In times of financial stress, however, investors sell those higher-yielding currencies and flock back to the euro and yen, with both benefiting from an unwinding of those carry trades.
"If the euro can hold above 1.1525 over the next day or so, it would be an extremely bullish signal for the pair," said London-based Craig Erlam, senior market analyst at OANDA.
Read MoreUS dollar bull run hits global dividend payouts
"Ordinarily, a daily close would be a sufficient sign, but this is no ordinary day. I would like to see how traders react to these levels in the absence of market panic."
The thinness of markets in the summer, when many traders take vacations, has also contributed to Monday's sharp moves.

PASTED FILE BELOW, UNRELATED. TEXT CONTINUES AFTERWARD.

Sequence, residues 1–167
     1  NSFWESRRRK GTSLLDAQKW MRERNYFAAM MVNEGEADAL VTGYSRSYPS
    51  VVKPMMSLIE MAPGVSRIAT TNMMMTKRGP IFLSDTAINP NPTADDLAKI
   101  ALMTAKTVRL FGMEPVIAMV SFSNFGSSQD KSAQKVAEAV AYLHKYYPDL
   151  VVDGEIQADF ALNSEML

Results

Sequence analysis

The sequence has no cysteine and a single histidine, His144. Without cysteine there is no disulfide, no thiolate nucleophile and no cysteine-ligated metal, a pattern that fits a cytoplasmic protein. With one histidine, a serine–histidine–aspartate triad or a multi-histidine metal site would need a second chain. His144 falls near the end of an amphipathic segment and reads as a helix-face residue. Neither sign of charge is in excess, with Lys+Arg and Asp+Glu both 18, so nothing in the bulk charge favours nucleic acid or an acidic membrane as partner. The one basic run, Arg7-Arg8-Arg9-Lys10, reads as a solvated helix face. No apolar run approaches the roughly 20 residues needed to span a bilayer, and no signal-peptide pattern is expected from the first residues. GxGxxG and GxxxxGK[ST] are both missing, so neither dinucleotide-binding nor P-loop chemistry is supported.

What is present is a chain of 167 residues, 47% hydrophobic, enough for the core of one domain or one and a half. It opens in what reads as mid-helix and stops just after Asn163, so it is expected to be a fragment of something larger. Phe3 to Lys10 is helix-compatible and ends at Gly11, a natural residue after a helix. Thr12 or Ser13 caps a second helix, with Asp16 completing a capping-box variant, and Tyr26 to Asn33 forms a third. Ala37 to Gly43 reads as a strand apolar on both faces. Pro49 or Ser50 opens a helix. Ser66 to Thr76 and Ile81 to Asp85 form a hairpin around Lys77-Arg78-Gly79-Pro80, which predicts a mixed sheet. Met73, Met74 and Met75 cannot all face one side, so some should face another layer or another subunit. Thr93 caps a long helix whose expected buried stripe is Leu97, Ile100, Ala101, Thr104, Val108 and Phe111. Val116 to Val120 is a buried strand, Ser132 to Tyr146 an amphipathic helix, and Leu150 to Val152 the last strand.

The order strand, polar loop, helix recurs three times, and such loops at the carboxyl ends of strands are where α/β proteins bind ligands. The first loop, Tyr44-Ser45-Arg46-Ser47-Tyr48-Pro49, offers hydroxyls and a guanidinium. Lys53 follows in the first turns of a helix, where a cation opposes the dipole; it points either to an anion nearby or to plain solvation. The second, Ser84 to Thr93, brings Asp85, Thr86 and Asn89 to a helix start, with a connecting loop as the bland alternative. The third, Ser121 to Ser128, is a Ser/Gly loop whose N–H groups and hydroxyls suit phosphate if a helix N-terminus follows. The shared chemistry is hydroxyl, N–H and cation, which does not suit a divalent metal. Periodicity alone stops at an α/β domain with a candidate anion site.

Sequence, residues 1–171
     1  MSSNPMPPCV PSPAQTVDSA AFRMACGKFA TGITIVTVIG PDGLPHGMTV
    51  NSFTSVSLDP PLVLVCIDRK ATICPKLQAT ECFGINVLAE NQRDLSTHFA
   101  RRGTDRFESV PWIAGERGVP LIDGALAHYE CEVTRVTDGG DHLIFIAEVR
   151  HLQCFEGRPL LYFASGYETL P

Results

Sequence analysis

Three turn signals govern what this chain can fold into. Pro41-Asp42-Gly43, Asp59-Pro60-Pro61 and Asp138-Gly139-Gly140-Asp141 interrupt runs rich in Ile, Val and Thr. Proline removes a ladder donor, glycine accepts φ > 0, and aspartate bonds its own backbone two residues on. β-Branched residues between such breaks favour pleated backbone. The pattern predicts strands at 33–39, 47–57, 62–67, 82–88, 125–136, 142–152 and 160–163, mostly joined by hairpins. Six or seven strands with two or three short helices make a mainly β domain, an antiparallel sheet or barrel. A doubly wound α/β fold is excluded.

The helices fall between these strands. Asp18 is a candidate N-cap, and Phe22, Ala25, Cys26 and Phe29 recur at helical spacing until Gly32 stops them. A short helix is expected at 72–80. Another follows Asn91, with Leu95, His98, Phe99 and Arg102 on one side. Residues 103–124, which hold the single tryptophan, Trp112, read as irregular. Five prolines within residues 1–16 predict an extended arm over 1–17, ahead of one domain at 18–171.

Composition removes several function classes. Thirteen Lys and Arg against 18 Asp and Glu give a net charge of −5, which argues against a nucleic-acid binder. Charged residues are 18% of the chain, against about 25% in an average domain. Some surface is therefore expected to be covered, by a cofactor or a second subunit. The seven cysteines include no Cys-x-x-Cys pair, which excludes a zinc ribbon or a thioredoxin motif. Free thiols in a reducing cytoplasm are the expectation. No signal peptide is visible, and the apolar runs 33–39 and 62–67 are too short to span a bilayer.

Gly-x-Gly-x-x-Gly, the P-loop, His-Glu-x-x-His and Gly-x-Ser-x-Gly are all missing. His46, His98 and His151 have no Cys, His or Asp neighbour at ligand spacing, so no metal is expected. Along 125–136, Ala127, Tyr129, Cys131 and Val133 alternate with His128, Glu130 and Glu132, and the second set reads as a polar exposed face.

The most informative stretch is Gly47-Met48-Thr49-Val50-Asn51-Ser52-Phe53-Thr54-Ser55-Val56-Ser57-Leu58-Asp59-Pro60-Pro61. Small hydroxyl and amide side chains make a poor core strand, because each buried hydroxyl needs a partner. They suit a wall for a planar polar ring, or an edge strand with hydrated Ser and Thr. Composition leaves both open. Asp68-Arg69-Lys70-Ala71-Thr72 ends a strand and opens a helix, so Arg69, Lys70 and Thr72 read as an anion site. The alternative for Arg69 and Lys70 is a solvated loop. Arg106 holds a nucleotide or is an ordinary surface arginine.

In late trading, the euro jumped to $1.1714, its highest since mid-January. It last stood at $1.1594, up 1.8 percent, with its sustained rise in the past few weeks likely to cause unease within the European Central Bank.
The dollar dropped as low as 116.47 yen, its lowest in seven months, and last changed hands at 118.61, down 2.81 percent.
Read More Is the euro the new safe haven?
Worries about a slowing Chinese economy, and in turn global growth and deflation, engulfed markets after a run of weak data from China in recent weeks, including Friday's survey showing a further deterioration in China's manufacturing activity.
Traders said the weakness in the dollar index reflected doubts whether the Fed will be able to raise interest rates next month. But without clear signals from the U.S. central bank so far, many commodity and emerging market currencies would continue to struggle against the greenback.
That gave credence to a view that while the dollar was likely to struggle against other major currencies, it would rise against those in emerging markets.